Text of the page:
Investing in immuno-oncology drug development is not just about preserving Roche's lead in oncology and/or biologics. These developments may well grow Roche's business and extend its market share beyond traditional strongholds in breast cancer and hematological cancers.
What's more, Roche is still willing to invest for long-term growth. Programs like its mGlu modulators for depression, crenezumab for Alzheimers, and so on are not high-probability R&D efforts, but the rewards for success could be enormous. Likewise in life sciences - Roche has lost nearly all of its momentum in sequencing, but the acquisition of Genia (a development-stage semiconductor-based nanopore sequencing company) suggests that Roche is still willing to invest in rebuilding its position.
On the diagnostics front, Roche is arguably less aggressive, but still sees considerable potential in its immunoassay, clinical chemistry, tissue diagnostics, molecular diagnostics, and diabetes care franchises. All told, diagnostics generates close to one-quarter of the company's sale and Roche is focusing a great deal of attention on developing "companion diagnostics"-tests that can characterize the type of cancer a patient has and what drug(s) may be most effective. Tying together diagnostic and pharmaceutical revenue in this way is an option that really isn't available to rivals like Bristol-Myers, Merck, or AstraZeneca, who have had to seek out external partners for companion diagnostic development.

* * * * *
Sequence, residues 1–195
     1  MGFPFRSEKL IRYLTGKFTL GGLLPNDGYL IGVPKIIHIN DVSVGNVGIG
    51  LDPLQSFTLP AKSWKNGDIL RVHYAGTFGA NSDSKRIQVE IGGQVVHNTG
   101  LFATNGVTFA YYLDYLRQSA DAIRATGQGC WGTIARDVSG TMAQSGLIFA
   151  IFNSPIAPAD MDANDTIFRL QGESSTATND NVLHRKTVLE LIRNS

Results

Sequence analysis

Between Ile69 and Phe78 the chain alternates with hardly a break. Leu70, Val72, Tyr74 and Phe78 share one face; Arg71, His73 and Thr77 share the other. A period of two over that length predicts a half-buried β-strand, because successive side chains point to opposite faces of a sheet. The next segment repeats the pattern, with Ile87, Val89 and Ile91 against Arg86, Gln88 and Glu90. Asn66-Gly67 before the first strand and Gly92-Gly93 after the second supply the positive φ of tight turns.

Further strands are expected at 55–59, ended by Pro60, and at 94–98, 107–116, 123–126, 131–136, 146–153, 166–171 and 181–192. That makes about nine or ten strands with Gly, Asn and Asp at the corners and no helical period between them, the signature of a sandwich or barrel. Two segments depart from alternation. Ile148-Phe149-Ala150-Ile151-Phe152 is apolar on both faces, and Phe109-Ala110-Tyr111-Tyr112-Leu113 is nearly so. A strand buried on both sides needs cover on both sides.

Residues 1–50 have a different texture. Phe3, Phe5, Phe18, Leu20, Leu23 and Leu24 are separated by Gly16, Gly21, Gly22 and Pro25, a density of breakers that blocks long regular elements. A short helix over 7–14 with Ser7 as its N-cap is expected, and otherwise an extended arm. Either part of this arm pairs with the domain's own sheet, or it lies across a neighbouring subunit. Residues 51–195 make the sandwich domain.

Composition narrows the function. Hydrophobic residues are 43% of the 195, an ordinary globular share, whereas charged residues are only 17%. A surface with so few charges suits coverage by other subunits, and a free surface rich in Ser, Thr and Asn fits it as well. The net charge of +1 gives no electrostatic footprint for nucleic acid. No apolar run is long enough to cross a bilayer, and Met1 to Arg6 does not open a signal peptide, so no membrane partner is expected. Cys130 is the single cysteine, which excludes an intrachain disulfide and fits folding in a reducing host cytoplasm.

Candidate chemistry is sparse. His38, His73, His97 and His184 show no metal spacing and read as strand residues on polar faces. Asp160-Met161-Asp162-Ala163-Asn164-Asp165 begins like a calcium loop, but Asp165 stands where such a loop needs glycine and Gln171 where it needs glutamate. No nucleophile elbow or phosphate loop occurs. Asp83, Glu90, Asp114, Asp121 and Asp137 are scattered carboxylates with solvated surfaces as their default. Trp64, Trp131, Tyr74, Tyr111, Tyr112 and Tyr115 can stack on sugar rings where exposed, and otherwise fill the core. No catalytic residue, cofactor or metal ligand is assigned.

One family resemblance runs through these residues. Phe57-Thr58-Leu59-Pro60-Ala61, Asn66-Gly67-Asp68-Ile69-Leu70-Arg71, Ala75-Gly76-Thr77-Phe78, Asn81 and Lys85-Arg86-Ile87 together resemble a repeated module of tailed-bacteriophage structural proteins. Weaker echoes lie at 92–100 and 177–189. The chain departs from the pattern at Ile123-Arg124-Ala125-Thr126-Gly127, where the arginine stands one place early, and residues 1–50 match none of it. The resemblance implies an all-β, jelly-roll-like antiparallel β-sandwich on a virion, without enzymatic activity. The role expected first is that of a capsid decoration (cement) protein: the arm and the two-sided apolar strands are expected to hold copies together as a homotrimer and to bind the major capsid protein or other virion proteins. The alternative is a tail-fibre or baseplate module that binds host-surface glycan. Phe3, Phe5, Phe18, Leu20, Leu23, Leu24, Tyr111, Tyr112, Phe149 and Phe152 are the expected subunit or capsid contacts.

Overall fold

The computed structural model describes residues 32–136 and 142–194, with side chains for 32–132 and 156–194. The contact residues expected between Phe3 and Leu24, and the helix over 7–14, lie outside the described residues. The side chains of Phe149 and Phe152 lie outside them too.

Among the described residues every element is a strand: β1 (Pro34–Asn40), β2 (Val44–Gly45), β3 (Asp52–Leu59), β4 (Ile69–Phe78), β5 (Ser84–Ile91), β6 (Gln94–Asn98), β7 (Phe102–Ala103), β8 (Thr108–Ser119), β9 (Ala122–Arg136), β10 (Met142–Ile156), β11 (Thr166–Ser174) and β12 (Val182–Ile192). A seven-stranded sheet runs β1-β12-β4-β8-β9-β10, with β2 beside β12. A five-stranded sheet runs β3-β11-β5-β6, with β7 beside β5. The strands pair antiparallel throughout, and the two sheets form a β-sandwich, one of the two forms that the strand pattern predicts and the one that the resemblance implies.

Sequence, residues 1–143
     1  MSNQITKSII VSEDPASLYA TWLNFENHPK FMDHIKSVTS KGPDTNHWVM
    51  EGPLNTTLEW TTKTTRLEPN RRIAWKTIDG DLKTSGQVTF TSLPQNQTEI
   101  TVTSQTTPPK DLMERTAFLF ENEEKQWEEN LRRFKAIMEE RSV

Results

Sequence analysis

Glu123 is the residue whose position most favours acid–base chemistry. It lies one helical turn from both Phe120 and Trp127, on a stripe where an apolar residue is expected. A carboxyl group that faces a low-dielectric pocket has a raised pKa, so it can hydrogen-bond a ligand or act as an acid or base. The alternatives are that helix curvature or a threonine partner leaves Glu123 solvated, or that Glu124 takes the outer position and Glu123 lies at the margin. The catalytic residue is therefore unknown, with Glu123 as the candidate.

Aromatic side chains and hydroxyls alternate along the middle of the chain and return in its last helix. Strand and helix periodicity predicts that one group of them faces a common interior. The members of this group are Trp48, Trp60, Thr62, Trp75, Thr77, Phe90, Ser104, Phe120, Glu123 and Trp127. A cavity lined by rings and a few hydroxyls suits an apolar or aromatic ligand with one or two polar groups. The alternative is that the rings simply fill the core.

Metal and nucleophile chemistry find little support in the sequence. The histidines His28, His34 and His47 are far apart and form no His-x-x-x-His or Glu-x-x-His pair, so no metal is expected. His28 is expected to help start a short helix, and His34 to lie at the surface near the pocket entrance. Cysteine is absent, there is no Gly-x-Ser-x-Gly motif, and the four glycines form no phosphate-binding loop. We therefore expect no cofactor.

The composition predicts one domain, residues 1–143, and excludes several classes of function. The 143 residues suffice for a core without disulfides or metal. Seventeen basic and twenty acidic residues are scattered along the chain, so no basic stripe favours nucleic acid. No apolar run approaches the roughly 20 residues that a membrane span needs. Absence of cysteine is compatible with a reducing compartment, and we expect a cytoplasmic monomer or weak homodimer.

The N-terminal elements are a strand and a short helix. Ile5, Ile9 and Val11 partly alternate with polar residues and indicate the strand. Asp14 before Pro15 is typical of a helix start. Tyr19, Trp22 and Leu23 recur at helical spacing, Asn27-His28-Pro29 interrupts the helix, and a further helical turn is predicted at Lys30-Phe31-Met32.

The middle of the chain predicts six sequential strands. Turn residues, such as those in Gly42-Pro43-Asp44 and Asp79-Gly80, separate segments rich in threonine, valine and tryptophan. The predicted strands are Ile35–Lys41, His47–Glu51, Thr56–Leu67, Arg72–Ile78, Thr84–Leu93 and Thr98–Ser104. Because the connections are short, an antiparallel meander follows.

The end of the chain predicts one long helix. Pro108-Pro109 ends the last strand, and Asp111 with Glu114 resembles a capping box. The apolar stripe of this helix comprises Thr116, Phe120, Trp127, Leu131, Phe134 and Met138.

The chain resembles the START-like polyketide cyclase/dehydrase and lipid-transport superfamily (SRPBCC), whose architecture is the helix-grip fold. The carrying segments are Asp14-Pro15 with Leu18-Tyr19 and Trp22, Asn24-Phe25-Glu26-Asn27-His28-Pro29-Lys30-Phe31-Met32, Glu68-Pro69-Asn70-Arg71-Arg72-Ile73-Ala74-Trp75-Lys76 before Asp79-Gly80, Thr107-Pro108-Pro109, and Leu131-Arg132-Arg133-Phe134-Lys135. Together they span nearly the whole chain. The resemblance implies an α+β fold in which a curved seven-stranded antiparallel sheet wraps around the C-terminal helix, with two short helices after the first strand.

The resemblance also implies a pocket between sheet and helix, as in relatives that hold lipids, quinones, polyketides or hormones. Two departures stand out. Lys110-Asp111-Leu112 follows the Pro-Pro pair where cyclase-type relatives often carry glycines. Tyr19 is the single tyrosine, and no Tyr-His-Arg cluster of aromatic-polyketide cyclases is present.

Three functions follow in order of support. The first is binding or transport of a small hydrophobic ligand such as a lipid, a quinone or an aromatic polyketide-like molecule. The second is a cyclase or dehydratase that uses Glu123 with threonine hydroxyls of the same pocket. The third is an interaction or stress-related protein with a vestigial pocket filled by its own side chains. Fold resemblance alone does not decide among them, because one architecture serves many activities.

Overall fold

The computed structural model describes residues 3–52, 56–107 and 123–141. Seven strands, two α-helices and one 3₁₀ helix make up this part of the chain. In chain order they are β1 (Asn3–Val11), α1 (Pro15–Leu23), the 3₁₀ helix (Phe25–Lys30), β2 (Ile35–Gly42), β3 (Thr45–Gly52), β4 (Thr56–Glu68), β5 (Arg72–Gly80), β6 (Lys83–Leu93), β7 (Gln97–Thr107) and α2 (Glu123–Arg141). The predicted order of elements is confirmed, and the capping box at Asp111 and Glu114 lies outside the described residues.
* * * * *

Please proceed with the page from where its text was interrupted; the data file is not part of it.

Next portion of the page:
The bottom line
Roche is likely only a year or two from being in a net cash position with multiple phase 3 immuno-oncology programs. I do not expect tremendous revenue growth (4% to 5% a year), but Roche should be well-positioned to continue to generate FCF margins in the high 20%'s (or higher), supporting higher dividend payments while still leaving cash on hand to pursue internal R&D and external partnerships and acquisitions.
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The article Is Roche's Dividend In Danger? originally appeared on Fool.com.Stephen D. Simpson, CFA owns shares of Roche. The Motley Fool has no position in any of the stocks mentioned. Try any of our Foolish newsletter services free for 30 days. We Fools may not all hold the same opinions, but we all believe that considering a diverse range of insights makes us better investors. The Motley Fool has a disclosure policy.